01 September 2009

A Day of great historic Importance

Of all days in the year, September 1st is one of the most significant, if not the most important in history.
I am of course referring to the outbreak of World War II, which happened on this day exactly 70 years ago.

It is amazing how fast time passes, and how much we know of events we have not even experienced ourselves. I am meanwhile over fifty, but I cannot remember even one year of my life when there were not new books about World War II published, and new films about it produced.
Many of them are quite informative, but there is also a lot of rubbish, especially the sick and brainless attempts to make the war look 'funny'. For some strange reason the British are most eager on that (e.g. Hallo, Hallo or Dad's Army), which seems to appeal especially to the lesser educated elements of their society (and even to some people here in Ireland).

The British were the cause for many laughs of a different kind on the battlefields, where their poorly trained soldiers and their inferior equipment were rarely a match for enemies, especially the Germans and Japanese. (Only when the British used ever more American equipment, their performance improved slightly.) But this was not only the case during World War II. In fact, there was in the last three centuries not one major war Britain fought or won on its own, and it always had the same problems: poorly trained soldiers, with bad weapons and equipment, and not enough of either.

On a day like this, one is likely to reflect: on history, the world and on oneself. Had I been born just one generation earlier, I would most likely have fought in World War II. My father, who was five weeks away from his 13th birthday when the war began, was drafted for military training at the age of 17 and served - as an 18-year-old - for the last year of the war with an anti-aircraft artillery regiment.

My paternal grandfather, who was born in 1889, had fought already in World War I as a cavalry officer, from the first to the last day, and ended that war as a Captain with the highest decoration for bravery and several other medals.
After 1918 he lived a quiet life as a civilian, running the family estate in Bohemia (which had been Austrian for centuries, but was by then part of the first Czechoslovak republic).
When Hitler annexed the Sudetenland in 1938, my grandfather and his family became over night German citizens. It was neither their choice, nor had anyone bothered asking them for their opinion. It just happened, and both Britain and France sanctioned it.
A few months later my grandfather - at the age of 49 - was "re-activated" for military service, because of his "excellent war record from 1914 to 1918".

70 years ago he was one of the oldest Majors - perhaps even the oldest - in the German Army and in charge of a light squadron of (still mounted) cavalry in East Prussia.

His regiment was among the first German troops ordered to cross the border and advance into Poland (photo above left), where they met - and defeated - a regiment of Polish cavalry. This was one of the last battles in history with mounted cavalry on both sides.*

Earlier that day - beginning at 4.45 am - the German Airforce had started bombing raids on Polish towns and military positions (photo right), and shortly after daybreak the old German pre-dreadnought battleship Schleswig-Holstein (photo below left), which had been launched in 1906 and was a veteran of World War I as well, fired the first shots of World War II at the Polish garrison on the Westerplatte, an area at the outskirts of Danzig (Gdansk), an old Hanseatic city on the Baltic Sea which had been German for centuries, but was then a 'free city' under the neutral administration of the League of Nations.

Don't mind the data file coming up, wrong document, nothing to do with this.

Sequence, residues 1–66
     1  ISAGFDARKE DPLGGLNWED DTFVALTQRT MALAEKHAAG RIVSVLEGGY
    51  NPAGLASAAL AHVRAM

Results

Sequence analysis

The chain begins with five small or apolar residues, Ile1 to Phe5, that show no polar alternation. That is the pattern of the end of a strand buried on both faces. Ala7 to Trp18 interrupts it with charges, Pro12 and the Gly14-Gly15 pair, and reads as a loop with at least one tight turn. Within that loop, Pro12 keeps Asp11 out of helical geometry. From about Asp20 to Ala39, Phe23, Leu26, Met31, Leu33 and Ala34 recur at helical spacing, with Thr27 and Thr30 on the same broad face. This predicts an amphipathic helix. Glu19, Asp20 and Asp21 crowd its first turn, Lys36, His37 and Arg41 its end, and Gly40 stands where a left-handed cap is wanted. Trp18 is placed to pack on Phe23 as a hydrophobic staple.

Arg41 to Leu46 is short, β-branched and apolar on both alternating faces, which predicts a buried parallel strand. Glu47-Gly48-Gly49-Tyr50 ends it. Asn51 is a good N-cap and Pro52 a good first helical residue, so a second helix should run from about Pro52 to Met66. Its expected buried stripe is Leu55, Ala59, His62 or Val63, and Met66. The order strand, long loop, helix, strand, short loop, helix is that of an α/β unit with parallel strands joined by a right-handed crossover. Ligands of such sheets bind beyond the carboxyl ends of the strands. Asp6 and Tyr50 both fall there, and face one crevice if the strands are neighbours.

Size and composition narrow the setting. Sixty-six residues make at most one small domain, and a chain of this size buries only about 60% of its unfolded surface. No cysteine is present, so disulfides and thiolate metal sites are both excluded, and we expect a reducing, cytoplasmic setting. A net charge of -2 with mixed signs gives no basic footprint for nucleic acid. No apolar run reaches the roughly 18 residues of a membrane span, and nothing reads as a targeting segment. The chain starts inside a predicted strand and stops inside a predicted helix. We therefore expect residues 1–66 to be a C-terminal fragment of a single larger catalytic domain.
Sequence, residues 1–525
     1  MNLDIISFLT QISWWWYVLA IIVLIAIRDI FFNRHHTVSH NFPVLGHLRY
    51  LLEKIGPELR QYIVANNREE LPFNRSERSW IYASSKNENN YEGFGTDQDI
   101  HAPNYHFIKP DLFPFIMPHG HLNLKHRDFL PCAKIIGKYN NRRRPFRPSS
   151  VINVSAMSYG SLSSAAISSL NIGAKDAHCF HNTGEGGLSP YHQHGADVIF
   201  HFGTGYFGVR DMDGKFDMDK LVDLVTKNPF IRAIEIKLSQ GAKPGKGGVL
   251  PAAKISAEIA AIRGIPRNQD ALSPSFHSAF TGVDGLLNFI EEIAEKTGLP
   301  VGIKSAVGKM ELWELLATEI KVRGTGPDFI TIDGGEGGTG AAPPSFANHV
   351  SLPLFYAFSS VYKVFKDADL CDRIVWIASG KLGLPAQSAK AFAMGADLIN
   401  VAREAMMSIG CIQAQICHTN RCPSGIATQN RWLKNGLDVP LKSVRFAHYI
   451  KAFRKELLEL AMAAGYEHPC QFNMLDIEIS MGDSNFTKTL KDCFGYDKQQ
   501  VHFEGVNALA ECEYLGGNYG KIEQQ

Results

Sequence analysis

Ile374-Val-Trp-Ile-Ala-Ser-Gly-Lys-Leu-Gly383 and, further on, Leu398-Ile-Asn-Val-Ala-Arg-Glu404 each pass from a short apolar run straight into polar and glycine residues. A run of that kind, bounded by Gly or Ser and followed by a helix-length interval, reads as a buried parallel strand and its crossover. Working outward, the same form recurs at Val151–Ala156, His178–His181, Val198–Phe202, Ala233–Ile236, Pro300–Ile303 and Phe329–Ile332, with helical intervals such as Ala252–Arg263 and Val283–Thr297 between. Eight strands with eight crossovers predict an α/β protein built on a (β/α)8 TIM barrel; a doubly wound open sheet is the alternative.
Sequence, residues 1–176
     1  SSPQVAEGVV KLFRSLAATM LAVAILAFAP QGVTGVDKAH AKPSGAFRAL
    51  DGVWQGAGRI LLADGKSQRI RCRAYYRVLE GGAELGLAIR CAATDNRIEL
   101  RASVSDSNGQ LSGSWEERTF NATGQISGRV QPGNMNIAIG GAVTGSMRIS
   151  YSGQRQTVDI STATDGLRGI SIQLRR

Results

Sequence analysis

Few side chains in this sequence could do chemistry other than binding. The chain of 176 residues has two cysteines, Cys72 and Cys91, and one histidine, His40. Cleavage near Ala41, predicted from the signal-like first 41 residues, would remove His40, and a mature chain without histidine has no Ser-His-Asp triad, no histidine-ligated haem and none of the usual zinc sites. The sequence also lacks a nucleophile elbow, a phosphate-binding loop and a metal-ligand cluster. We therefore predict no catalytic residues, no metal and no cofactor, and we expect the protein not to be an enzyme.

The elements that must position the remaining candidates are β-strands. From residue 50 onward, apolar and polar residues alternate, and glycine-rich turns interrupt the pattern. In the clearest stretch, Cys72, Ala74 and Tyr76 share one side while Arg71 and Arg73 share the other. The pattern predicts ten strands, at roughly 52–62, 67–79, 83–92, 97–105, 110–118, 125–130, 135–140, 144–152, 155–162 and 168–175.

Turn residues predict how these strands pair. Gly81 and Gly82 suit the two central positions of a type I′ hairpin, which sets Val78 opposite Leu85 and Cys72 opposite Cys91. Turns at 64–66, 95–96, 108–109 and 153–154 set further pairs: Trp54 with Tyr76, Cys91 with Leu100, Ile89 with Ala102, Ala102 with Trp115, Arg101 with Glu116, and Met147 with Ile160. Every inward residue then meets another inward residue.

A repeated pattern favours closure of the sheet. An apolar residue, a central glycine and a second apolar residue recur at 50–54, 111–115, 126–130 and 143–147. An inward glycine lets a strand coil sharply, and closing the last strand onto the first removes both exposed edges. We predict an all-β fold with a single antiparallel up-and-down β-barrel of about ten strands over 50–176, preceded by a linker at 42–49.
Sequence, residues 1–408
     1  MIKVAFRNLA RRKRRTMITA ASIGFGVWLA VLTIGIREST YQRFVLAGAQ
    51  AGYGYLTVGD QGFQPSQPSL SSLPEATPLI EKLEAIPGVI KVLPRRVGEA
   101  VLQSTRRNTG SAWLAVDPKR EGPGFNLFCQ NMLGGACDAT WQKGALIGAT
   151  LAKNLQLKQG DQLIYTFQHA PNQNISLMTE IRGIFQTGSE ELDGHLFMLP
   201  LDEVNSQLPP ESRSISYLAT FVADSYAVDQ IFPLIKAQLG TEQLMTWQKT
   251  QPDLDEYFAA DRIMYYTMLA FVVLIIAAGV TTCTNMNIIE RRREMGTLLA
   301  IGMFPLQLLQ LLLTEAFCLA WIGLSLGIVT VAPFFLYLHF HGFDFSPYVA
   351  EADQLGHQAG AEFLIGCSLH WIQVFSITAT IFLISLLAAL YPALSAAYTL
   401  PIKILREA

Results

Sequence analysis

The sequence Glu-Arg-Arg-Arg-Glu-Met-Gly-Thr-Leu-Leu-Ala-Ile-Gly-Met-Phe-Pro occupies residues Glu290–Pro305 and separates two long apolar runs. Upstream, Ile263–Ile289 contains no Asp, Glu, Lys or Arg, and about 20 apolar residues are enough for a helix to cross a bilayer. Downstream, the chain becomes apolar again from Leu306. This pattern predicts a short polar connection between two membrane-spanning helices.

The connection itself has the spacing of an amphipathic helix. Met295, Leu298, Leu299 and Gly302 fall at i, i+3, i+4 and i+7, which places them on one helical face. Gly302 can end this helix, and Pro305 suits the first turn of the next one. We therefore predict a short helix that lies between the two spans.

Hitler had only days before signed a secret pact with Stalin, which brought the two worst dictators of the 20th century into an unexpected alliance against Poland, on whose territory both Russia and Germany had historic demands.
Poland had earlier received diplomatic guarantees from both Britain and France, but neither country was in a position to give any real - and especially military - support in case of war. They knew that only too well, but Poland believed that it had allies.
In fact, it was an isolated country, surrounded by potential enemies. The Polish army was quite strong and highly motivated, but on the technical level of World War I and thus no match for the well-equipped modern forces Germany and the Soviet Union sent against it.

Knowing that Britain and France were in no position to assist Poland militarily, Hitler - well known to be a political gambler - took the risk and invaded Poland, against the advice of many of his political aides and senior generals. And being also a life-long Anglophile (a fact that is often ignored by historians and commentators), Hitler did not believe that Britain would declare war on Germany "over a small and unimportant Eastern province like Poland".

He was wrong, of course, as we now know. And hindsight is always easier than making decisions on the day and under pressure.

When the British Prime Minister Neville Chamberlain (right), who had tried long and hard to come to terms with Hitler and accommodate his various demands (the return of the Rhineland and the Saar province to Germany and later the annexations of Austria and the Sudetenland), eventually declared war on the morning of September 3rd, he felt that he had no other choice left.
With hindsight, he was wrong as well. But this is of course only an academic point.

Neither the British Army, nor the Royal Air Force (RAF) were ready for a war. Their numbers were low, and most of their equipment was either old and obsolete, or of inferior quality when compared with the German forces. Only the Royal Navy was of a superior strength and able to go to war at a moment's notice. But even in Britain's 'senior service' there were shortfalls (in particular a lack of modern submarines) that became soon only too visible.